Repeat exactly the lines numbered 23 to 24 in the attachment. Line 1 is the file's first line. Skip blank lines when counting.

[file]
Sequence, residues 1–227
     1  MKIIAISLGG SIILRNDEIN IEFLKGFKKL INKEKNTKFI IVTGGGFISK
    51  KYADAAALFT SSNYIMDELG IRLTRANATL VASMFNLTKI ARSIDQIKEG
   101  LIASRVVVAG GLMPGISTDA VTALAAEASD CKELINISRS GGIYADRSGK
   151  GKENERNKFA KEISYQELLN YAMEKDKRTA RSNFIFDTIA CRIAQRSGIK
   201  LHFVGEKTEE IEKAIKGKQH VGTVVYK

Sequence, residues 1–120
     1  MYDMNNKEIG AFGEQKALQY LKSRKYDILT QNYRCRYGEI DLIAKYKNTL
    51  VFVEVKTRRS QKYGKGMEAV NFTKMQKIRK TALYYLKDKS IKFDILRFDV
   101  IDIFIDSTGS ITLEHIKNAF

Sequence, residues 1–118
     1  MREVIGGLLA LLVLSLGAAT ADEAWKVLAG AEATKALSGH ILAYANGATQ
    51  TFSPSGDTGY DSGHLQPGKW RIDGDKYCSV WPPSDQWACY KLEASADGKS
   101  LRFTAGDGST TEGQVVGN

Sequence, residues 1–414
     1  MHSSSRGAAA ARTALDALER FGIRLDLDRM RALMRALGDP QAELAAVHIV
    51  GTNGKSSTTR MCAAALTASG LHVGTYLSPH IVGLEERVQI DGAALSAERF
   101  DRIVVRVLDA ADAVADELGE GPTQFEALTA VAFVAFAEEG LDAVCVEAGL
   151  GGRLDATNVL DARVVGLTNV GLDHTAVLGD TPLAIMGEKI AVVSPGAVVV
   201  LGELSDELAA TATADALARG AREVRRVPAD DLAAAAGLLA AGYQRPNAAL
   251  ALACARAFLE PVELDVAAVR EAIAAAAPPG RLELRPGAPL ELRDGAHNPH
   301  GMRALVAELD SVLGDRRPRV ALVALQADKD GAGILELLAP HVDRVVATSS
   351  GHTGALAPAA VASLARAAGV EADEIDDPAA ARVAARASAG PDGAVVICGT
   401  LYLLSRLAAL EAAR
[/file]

   351  GHTGALAPAA VASLARAAGV EADEIDDPAA ARVAARASAG PDGAVVICGT
   401  LYLLSRLAAL EAAR